South Dakota: Significant Barriers to Native American Voting Rights persist

Harold F. Schiffman haroldfs at
Fri Jun 30 14:03:46 UTC 2006

Report: Significant Barriers to Native American Voting Rights in South
Dakota Persist

By staff
May 18, 2006

South Dakota has been the "battleground" for Native American voting rights
for more than 30 years, according to a new report on voting rights in the
state. Since 1966, 17 of the 66 voting rights lawsuits involving Native
Americans were filed in South Dakota, a state where only 8.3 percent of
the population is Native American. A report, Voting Rights
in South Dakota, 1982-2006, suggests that such a high rate of lawsuits
stems from a poor enforcement of the provisions of the Voting Rights Act
1965 (VRA). "People disenfranchised by discrimination must be assured that
their right to vote is unalienable and protected," said former Senate
Minority Leader Tom Daschle, D. S.D., about the report's findings.

Until the 1940s, Native Americans were officially excluded from voting and
holding office. South Dakota's nine federally recognized Native American
tribes are still placed at a significant socio-economical disadvantage and
encounter barriers to voting. Moreover, as late as 1975, the state
excluded Native Americans from voting in elections in three "unorganized'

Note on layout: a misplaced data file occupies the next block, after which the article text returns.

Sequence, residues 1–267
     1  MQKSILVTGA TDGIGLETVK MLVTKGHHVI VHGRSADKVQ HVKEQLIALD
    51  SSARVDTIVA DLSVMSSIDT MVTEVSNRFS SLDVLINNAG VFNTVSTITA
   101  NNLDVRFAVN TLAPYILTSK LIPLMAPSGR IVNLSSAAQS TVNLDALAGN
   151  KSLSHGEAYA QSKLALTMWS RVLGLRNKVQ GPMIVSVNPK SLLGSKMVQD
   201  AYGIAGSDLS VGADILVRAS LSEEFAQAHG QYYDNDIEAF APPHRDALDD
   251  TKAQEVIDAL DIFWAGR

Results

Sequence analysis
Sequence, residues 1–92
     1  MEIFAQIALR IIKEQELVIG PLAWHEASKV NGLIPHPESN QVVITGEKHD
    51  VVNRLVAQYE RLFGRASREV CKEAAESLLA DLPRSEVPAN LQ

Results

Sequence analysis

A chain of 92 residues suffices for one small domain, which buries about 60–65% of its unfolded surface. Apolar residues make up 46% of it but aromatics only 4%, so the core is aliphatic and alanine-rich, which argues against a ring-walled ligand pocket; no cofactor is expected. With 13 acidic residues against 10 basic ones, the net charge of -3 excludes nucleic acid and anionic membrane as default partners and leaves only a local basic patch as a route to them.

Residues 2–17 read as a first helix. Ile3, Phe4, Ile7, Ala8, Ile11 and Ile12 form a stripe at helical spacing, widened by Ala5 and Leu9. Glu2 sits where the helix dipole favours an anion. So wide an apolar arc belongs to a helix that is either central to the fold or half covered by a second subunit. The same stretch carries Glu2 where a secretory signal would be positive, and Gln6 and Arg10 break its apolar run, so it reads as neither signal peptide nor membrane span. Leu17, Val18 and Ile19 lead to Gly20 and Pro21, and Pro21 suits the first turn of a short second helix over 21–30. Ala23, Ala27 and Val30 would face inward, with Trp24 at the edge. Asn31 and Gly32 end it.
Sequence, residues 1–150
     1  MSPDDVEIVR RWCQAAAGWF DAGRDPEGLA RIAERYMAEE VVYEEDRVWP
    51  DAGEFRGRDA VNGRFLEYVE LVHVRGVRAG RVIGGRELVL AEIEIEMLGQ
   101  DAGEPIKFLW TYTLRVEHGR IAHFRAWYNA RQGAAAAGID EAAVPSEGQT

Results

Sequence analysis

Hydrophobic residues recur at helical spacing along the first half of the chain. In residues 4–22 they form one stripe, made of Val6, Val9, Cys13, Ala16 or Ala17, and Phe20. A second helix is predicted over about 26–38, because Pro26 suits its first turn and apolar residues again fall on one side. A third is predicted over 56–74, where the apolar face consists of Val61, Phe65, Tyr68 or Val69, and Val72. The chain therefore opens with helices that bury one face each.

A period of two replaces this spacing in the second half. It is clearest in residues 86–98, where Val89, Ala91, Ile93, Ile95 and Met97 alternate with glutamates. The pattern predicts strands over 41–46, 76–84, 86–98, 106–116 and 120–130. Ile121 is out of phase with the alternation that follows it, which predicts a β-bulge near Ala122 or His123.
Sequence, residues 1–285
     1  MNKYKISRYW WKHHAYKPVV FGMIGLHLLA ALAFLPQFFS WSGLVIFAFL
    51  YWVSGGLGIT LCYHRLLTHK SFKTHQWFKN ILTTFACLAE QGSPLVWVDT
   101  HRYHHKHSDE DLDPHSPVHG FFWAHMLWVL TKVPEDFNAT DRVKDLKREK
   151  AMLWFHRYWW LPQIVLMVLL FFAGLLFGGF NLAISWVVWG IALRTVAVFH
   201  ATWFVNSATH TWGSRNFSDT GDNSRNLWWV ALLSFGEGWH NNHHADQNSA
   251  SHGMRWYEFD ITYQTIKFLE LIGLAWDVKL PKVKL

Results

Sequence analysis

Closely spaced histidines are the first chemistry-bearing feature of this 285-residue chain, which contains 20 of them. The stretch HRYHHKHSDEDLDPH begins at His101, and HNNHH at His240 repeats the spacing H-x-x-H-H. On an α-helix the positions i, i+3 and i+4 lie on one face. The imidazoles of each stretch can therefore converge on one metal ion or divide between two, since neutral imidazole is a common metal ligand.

counties - Todd, Shannon and Washabaugh - because of their large Native
American population. Because the state has not fully complied with the
provisions of the VRA, Native Americans still do not enjoy fair
representation in South Dakota's government. Since the VRA was amended to
include Native Americans in 1975, only seven have served in the state

The VRA requires two counties, Shannon and Todd, to submit election
changes to the Department of Justice (DOJ) before enactment. However, out
of 600 statutes and regulations enacted between 1976 and 2002, fewer than
10 were submitted to the DOJ for review. South Dakota is also required to
provide language assistance in 19 counties. But according to Steve Emery,
VRA plaintiff and attorney for the Standing Rock tribe, "the state and
subdivisions have never produced a single document in the Lakota language
explaining the ballot or the voting process." The VRA, largely considered
the most successful civil rights legislation ever enacted, prohibits
discrimination based on race.

Three key provisions will expire in August 2007 if Congress does not act
now to renew them: Section 5, which requires preclearance of voting
changes in states and localities with a history of voting discrimination,
Section 203, which require counties where more than 5 percent of citizens
are not native English speakers to provide language assistance, and
Sections 6-9, which authorize the Department of Justice to send federal
examiners and observers to monitor elections. A bicameral bill, HR 9/S
2703, introduced on May 2, would reauthorize these provisions for another
25 years. is a collaboration of national organizations with strong
experience protecting minority voting rights, which includes such groups
as the Leadership Conference on Civil Rights, the Leadership Conference on
Civil Rights Education Fund, the Mexican American Legal Defense and
Education Fund, the NAACP and NAACP Legal Defense and Educational Fund,
Lawyers' Committee for Civil Rights Under Law, ACLU, and Asian American
Justice Center.

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